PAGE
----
# A Question about Palindromic Numbers and System of Arithmetic Progression

Based from Harminc and Sotak's result, www.fq.math.ca/Scanned/36-3/harminc.pdf

We know that under certain condition, an arithmetic progression can contain an infinitely many palindromes.

My question will be, if I have a system of Arithmetic Progression such as

\begin{equation*} 3t+2\tag{1} \end{equation*} \begin{equation*} 4t+1\tag{2} \end{equation*} can I always find an integer $t$ such that $(1)$ and (2) are both palindromes? I know in my example that the answer is yes. But in general, if I have the system

\begin{equation*} pt+j\tag{1} \end{equation*} \begin{equation*} qt+k\tag{2} \end{equation*}

with $\text{gcd}(p,q)=1$, can I find a $t$ for all $j<p$ and for all $k<q$ such that $(1)$ and $(2)$ are both palindrome? I am curious about this but I do not know how to answer it.

Or are there any reading materials that can help me on answering my query? Kindly help me.

• You certainly need some restrictions. $3t+1$ and $3t+2$ can't both be palindromes (unless you allow single digit numbers). Ah, I posted this before you edited in the gcd condition. – Gerry Myerson May 6 '15 at 12:35
• Yes Sir @GerryMyerson, it must be that p and q are relatively prime. – Jr Antalan May 6 '15 at 12:36
• Consider combining the systems into one. For n large and t small, pt + j is a palindrome implies (10^n + 1)(pt+j) is a palindrome. Consider how small t can be for both expressions to be palindromic, then pick n and m very large and with the right parity and consider pt+j ... qt+k ... qt+k ... pt+j. You can write this as a single recurrence that hopefully will produce a palindrome for some t depending on m and n. Gerhard "Give Yourself Plenty Of Room" Paseman, 2015.05.06 – Gerhard Paseman May 6 '15 at 18:28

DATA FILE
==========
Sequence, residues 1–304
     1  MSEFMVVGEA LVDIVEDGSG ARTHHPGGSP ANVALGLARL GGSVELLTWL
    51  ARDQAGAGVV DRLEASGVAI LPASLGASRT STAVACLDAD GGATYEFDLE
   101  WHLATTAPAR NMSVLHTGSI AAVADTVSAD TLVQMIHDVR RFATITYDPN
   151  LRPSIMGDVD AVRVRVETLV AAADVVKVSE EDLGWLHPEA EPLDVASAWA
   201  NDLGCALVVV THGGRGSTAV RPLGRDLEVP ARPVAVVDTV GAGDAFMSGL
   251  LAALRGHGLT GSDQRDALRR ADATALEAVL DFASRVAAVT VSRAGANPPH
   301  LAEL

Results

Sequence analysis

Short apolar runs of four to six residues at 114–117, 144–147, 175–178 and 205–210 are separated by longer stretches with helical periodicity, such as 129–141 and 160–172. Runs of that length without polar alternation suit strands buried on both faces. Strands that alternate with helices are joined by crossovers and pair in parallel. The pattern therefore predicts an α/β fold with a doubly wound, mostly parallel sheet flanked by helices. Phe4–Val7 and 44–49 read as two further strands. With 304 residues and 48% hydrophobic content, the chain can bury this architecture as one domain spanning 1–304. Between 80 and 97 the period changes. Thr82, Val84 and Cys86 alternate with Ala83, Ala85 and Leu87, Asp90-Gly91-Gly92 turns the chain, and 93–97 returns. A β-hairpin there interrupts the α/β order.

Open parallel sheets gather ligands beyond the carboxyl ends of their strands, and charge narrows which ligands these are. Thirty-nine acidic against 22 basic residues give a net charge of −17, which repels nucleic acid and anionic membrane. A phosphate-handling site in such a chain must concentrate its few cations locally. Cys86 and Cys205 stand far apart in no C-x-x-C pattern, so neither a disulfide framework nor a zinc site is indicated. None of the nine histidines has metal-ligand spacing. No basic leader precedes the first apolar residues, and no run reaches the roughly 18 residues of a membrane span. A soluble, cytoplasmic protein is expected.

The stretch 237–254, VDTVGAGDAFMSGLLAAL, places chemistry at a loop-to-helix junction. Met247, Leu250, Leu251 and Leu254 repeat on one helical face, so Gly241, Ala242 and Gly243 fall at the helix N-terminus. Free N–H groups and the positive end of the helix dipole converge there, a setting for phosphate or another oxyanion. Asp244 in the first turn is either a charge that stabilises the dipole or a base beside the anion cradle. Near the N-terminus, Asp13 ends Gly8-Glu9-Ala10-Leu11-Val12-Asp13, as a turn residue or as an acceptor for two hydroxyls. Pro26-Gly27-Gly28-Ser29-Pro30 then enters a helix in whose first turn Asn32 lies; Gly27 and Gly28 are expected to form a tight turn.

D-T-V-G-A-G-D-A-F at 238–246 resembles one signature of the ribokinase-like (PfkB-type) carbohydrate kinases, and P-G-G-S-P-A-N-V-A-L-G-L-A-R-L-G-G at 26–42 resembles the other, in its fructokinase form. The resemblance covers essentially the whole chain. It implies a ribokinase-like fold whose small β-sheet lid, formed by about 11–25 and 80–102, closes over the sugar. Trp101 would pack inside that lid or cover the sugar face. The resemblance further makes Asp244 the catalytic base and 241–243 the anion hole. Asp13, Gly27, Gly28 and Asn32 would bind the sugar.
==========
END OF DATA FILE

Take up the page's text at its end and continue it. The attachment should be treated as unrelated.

• Thanks @GerhardPaseman, sorry if I am having a hard time on understanding your comment, In particular what does $m$ represent and what is the meaning of combining the two system. As well as pt+j...qt+k...qt+k...pt+j. I am hopeful that with your help I can understand the answer to my query. Thanks again. – Jr Antalan May 6 '15 at 21:35
• The idea is to choose m and n (and r) and consider the arithmetic progression (10^n+1)(pt+j) + (10^m +10^r)(qt+k). Although it won't be a palindrome for some choices of m and r and n, there is a lot of room to play in, and perhaps you can find ranges of t that guide your choice of m,n and r. If so, you have reduced two progressions to one, hopefully making it easier to study and predict. Gerhard "Maybe Consider Several Choices Simultaneously" Paseman, 2015.05.07 – Gerhard Paseman May 7 '15 at 23:14

Not in general. For instance, there does not exist a natural number $t$ such that $t$ and $1000t+27$ (say) are both palindromes. Indeed, if $1000t+27$ has the last three digits of $027$, hence has the first three digits of $720$ if it is a palindrome, hence $t$ has first three digits of $720$, hence $t$ has last three digits of $027$, hence $1000t+27$ has last six digits of $027027$. Continuing this we see that $t$ consists entirely of strings of $720$ while also consisting entirely of strings of $027$, which is absurd.
• One can still produce counterexamples. For instance, one cannot have $t$ and $2001t+1000$ both be palindromes, because then they would have the same first three digits, while having a ratio somewhere between 2001 and 3001, which one can easily check to be absurd. It might be a good exercise for you to experiment with further counterexamples of this type in case you wish to impose further restrictions on p,q,j,k. – Terry Tao May 15 '15 at 15:11